Third, Mindbloom believes that practitioners should only be required to obtain a single DEA registration to prescribe controlled medications—as has been the case for the past three years.11 The proposed rule would require practitioners to obtain registration not only in each state where their patients reside, but also in each state in which they are located when they see patients through telemedicine. This would be a significant burden for practitioners: DEA currently requires practitioners to have a practice location in order to obtain registration, and it would be prohibitively expensive for practitioners to obtain office space in each state where they might relocate or treat patients (in addition to paying each registration fee).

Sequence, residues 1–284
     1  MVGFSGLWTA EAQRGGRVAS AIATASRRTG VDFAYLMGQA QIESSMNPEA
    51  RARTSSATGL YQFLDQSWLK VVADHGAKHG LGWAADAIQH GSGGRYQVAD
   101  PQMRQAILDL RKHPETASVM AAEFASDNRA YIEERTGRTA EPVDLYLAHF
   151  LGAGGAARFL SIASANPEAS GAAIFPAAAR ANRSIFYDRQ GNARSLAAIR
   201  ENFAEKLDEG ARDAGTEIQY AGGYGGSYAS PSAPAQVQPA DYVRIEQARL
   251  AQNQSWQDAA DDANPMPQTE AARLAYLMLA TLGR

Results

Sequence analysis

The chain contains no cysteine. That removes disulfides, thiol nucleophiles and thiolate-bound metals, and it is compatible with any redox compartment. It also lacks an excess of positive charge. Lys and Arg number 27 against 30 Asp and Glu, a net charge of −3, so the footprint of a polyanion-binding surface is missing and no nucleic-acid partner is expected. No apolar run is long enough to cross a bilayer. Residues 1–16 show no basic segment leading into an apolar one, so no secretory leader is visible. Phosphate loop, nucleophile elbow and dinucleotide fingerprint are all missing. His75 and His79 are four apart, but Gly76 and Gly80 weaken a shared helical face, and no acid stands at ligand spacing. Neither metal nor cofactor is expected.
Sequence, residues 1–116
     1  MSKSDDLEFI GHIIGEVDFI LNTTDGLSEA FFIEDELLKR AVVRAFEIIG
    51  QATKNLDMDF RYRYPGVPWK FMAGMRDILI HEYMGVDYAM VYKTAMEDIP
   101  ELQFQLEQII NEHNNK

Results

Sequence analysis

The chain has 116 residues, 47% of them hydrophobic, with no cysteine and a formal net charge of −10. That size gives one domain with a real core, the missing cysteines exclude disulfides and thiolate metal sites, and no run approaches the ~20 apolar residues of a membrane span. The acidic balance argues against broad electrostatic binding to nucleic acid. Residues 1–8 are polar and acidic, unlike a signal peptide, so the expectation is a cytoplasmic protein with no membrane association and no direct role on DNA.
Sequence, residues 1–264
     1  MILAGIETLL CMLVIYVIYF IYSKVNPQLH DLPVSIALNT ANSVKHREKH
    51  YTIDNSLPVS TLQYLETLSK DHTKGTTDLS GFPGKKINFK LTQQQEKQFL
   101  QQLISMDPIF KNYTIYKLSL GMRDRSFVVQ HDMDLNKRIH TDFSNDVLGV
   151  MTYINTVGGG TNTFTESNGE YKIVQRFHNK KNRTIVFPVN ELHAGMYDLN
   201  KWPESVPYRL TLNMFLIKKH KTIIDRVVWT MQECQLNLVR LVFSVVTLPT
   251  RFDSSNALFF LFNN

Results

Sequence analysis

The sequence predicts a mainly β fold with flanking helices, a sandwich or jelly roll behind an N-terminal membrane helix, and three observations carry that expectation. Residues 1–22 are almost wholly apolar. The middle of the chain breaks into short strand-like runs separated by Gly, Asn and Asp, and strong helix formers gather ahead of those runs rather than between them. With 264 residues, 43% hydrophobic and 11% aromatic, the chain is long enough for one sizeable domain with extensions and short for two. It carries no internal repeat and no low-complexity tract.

Practitioners already are required to meet state requirements for licensure and controlled substance registrations in each state where they treat patients, and maintaining a single registered address with the DEA—along with prescription drug monitoring program (PDMP) requirements and other checks—should allow DEA to monitor practitioners effectively and efficiently. The proposed requirement for multiple registrations will prevent practitioners from treating patients in multiple states, thereby diminishing the already-insufficient supply of mental and behavioral health practitioners and further restricting access to care.